By Bo Tefu, California Black Media
California Gov. Gavin Newsom last week announced a $100 billion economic recovery plan to support small businesses and public schools, as well as Black and Brown families that were disproportionately impacted by the COVID-19 pandemic.
“We here to make sure we’re there for the most vulnerable who were impacted by this pandemic and that’s low-income individuals disproportionately represented in the Latino and African American communities,” said Gov. Newsom.
The California Comeback Plan includes a $12 billion state tax rebate and additional funds for stimulus checks and rent relief programs. Although the state expanded stimulus checks to middle-class families, state officials say the recognize that Black and Brown communities were the hardest hit by the COVID-19 pandemic. Newsom says his plan includes targeted investments in diverse communities to promote health equity, secure housing, a holistic education system, and public safety.
“Operating surpluses are not the new norm, we’re not naive about that,” Gov. Newsom.
“That’s why we want to continue our prudent fiscal practices by building up our reserves and our resiliency, across the spectrum, and use one-time money for one-time purposes,” he said.
The plan proposes the following key investments in Black and Brown communities the governor’s office says will address major challenges accelerated by COVID-19. Broadly, they include support for small businesses; improving access to healthcare; investments in vocational education; expanding affordable housing and housing assistance programs; increased financing of higher education; enhancing worker protection, and more.
The state has also allocated $8.1 billion in stimulus funds for families including middle-class families earning less than $75,000 in annual household income. Based on the recent expansion, two-thirds of people in California will receive $600 stimulus checks and families with children will receive an additional $500.
The proposed plan will provide $5.2 billion in rent relief for low-income renters to pay back 100 % of their rent from previous months. The funds also include $2 billion for unpaid utility bills and legal assistance for tenants across the state.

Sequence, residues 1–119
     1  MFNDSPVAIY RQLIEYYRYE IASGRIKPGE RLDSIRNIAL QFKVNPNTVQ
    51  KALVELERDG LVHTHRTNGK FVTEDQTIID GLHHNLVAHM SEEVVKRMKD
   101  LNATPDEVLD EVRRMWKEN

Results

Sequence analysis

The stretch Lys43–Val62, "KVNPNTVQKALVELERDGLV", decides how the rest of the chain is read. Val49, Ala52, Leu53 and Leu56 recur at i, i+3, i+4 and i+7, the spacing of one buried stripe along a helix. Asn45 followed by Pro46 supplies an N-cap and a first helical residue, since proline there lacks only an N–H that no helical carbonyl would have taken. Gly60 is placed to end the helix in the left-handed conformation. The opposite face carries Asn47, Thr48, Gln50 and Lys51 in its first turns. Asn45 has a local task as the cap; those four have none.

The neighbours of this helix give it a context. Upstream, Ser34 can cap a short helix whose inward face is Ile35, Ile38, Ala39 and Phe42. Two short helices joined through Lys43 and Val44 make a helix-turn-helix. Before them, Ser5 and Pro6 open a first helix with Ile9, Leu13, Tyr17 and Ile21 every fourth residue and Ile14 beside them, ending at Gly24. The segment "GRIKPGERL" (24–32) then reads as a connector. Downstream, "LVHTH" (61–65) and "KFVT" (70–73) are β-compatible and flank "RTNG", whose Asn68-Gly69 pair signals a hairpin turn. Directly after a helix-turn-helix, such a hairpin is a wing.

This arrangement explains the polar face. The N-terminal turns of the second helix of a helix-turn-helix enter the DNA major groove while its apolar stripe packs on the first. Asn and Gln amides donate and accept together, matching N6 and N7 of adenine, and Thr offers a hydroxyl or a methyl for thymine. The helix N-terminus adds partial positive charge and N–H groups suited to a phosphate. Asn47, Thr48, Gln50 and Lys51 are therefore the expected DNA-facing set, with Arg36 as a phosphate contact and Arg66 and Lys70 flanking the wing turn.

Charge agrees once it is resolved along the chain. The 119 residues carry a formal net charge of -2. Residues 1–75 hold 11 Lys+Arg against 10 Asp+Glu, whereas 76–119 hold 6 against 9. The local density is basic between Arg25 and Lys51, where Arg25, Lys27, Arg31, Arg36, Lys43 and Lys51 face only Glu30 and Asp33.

The homeless crisis is one of the many persisting problems in California the governor’s Republican opponents say have propelled them to launch a recall effort.
Newsom’s plan will invest $12 billion to address homelessness by building 46,000 housing units expanding Project Homekey, a California grant program that funds counties and cities to acquire hotel rooms as housing for people who are unhoused. Recall efforts have raised questions about accountability measures to keep track of government spending to fix homelessness. However, Newsom emphasized that the state is working to provide accountability measures to ensure that local governments are spending money effectively.
Small businesses will receive $4 billion in direct grants as part of a relief program to help rehire workers displaced by the pandemic. The budget allocates $35 million for the California Dream Fund with $10,000 grants for small businesses serving Black and Brown communities including immigrant populations. Approximately $1 billion will be set aside for job creation and youth employment opportunities to promote economic resilience in Black and Brown communities.
“We want to invest in our small businesses that are really the backbone of our economic recovery,” said Gov. Newsom.